The series is an entertaining read for Anglophiles, lovers of mysteries, and those who enjoy ahead-of-their-time historical heroines.
For aspiring authors, getting their work published is a quest that can elicit as many goosebumps as reading a Stephen King novel.
Many dream of being the next J.K. Rowling, but realize after a few rejections that writing a happy ending is much easier than scoring one in real life. On the page, the writer controls their book’s plot from conflict to resolution. Off the page, outside forces in the form of literary agents and publishers are crucial to getting their novel in the hands of readers.
After many years away, living in Los Angeles and traveling the world, Ruff returned to the Wayzata area last year.
Read: Amor Towles
James Tucker is a Target executive and former international lawyer, and he’s truly a Renaissance guy. The Deephaven native recently published his first novel, Next of Kin (Thomas & Mercer, 2017), a crime thriller featuring an NYPD detective and his quest to protect the lone survivor of a wealthy family, 10-year-old heir Ben Brook.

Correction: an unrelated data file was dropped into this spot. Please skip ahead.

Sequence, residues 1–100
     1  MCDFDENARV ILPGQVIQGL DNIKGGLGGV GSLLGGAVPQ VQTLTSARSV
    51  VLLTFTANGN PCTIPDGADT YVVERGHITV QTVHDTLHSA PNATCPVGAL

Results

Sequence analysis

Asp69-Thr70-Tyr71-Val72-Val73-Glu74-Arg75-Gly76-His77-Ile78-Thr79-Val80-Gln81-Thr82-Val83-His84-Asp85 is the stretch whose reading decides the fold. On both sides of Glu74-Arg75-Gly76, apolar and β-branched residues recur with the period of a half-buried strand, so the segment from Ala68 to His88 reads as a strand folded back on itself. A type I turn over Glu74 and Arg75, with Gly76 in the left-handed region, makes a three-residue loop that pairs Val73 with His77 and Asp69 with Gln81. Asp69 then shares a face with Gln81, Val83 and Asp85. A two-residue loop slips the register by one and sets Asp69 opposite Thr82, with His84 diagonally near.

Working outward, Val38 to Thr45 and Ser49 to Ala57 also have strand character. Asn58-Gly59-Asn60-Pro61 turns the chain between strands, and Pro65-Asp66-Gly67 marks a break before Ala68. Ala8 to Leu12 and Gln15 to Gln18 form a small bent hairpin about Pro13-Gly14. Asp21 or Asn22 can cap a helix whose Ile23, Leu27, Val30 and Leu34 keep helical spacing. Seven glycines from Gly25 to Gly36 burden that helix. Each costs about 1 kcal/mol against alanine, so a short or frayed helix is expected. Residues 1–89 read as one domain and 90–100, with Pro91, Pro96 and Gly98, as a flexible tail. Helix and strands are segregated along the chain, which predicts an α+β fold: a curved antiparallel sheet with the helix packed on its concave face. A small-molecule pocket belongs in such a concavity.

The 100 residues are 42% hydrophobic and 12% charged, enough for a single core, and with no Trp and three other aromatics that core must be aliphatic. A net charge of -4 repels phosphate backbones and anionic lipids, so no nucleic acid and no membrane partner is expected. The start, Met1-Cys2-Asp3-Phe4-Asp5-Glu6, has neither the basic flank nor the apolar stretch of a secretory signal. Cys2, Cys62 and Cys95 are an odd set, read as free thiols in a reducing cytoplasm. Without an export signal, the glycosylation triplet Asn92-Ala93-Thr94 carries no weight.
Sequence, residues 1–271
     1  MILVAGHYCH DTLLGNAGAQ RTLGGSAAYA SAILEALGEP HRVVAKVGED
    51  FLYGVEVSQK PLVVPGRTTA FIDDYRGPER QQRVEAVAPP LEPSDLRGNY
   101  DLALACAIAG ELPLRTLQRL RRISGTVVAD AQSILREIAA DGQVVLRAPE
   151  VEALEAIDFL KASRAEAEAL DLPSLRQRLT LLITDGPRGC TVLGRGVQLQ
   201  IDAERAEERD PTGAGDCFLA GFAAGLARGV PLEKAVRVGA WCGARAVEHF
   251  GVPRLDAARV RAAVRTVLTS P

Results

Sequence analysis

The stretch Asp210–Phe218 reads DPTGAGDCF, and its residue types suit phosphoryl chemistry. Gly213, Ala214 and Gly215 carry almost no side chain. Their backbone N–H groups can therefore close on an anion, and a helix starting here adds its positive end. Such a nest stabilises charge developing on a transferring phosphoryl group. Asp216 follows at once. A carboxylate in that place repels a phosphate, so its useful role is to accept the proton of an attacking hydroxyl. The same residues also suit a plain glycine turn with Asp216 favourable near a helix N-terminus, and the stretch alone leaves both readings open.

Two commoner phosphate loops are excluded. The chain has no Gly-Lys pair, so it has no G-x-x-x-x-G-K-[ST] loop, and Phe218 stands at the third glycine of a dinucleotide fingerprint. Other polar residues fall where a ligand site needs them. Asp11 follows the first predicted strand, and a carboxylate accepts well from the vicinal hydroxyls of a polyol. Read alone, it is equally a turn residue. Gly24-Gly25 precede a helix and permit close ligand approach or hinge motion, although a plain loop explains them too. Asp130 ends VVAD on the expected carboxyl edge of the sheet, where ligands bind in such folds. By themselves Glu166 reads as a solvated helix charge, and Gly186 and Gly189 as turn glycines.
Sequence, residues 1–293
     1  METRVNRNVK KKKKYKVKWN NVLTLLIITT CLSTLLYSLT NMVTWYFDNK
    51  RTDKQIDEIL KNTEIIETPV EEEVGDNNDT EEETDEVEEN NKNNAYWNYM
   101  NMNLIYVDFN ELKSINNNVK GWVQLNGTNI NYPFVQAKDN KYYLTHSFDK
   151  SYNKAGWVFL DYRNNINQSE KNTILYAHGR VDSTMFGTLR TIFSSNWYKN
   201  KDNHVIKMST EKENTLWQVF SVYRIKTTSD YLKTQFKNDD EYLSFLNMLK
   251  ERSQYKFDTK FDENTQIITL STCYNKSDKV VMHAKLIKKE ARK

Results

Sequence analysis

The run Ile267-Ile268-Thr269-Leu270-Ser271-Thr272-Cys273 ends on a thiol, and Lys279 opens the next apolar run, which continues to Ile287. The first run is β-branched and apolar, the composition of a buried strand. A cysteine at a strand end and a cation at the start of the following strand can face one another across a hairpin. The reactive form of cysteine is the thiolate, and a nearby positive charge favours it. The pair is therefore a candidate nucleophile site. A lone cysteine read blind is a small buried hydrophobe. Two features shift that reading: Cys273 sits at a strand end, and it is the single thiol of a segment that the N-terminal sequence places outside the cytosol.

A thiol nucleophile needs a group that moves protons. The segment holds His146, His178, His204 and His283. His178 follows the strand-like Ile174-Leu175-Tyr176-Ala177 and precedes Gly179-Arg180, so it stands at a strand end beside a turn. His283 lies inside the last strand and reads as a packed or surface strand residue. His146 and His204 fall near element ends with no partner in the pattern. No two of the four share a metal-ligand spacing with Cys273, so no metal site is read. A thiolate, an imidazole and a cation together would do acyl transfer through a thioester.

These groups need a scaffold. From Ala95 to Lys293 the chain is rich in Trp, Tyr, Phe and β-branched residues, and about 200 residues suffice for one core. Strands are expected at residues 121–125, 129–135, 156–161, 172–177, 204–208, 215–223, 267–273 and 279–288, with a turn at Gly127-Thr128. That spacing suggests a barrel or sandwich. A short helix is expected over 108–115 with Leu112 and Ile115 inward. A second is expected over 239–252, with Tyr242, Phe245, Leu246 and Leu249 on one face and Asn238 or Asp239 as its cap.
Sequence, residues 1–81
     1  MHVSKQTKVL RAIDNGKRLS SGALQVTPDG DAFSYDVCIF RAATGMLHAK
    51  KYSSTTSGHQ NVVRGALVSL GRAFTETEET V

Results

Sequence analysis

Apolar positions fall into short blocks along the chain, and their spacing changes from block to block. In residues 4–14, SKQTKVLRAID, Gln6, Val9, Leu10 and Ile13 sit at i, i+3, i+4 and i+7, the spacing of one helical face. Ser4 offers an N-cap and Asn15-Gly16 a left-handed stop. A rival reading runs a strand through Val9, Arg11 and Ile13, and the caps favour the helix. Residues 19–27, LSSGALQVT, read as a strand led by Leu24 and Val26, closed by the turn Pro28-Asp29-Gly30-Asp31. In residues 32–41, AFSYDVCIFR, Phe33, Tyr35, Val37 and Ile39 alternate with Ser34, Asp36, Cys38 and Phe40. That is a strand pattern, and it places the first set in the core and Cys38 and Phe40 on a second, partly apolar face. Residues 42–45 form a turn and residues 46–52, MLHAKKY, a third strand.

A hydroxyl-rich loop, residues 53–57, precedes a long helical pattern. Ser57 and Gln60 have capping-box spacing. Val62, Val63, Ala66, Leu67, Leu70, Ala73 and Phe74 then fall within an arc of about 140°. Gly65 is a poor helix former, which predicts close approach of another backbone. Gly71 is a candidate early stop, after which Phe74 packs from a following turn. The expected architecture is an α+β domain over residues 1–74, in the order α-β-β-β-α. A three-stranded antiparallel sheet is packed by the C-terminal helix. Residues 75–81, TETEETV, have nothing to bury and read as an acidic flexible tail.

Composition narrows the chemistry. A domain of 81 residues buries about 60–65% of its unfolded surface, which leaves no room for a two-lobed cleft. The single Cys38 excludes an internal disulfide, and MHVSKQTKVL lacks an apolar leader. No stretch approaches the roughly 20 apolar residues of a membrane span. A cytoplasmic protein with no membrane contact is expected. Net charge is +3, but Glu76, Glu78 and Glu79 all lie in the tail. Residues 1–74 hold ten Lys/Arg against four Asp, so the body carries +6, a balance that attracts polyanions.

In 1996, Ann Nye and Ellie Temple had been working together at Frog Island Books in Excelsior for eight years. When the owner retired and closed up shop that year, Nye wanted to keep a bookstore alive in Excelsior. “Ann turned to me and said, ‘Ellie, we could do this,’” Temple says. “I said, ‘I don’t think so. This isn’t the right time.’ So I agreed to do it for five years, and that was 21 years ago,” she says.
A Warm Winter by Feridun Oral
Recommended for preschool to grade three.
Snuggle up for this read-aloud. Little Mouse leaves his nest on a cold winter morning to gather firewood, but when it comes time to bring the gathered twigs home, he realizes it is much too heavy for one mouse. He must work together with the other animals before the big blizzard hits. This is a beautifully illustrated story of cooperation and perseverance that will warm any heart.
When Jerry Holl retired in 2012, he was 57 years old, and he wasn’t sure what he wanted to do next. But he was sure what he wanted to be next.
“I wanted to be fully alive,” Holl says. “I had a good life, a wonderful family, and had had a successful career, but I felt like I was going through the motions.”
Last October, 16-year-old Justin M. Anderson started what, to his knowledge, is the first publishing company exclusively for teenage authors (ages 12 to 19). On June 24, Sigma’s Bookshelf, which is run by Justin and his parents, Jamie and Rachel Anderson, officially released its first two titles. The launch party was held at Roseville’s Barnes & Noble bookstore.
Justin just started his junior year at Wayzata High School.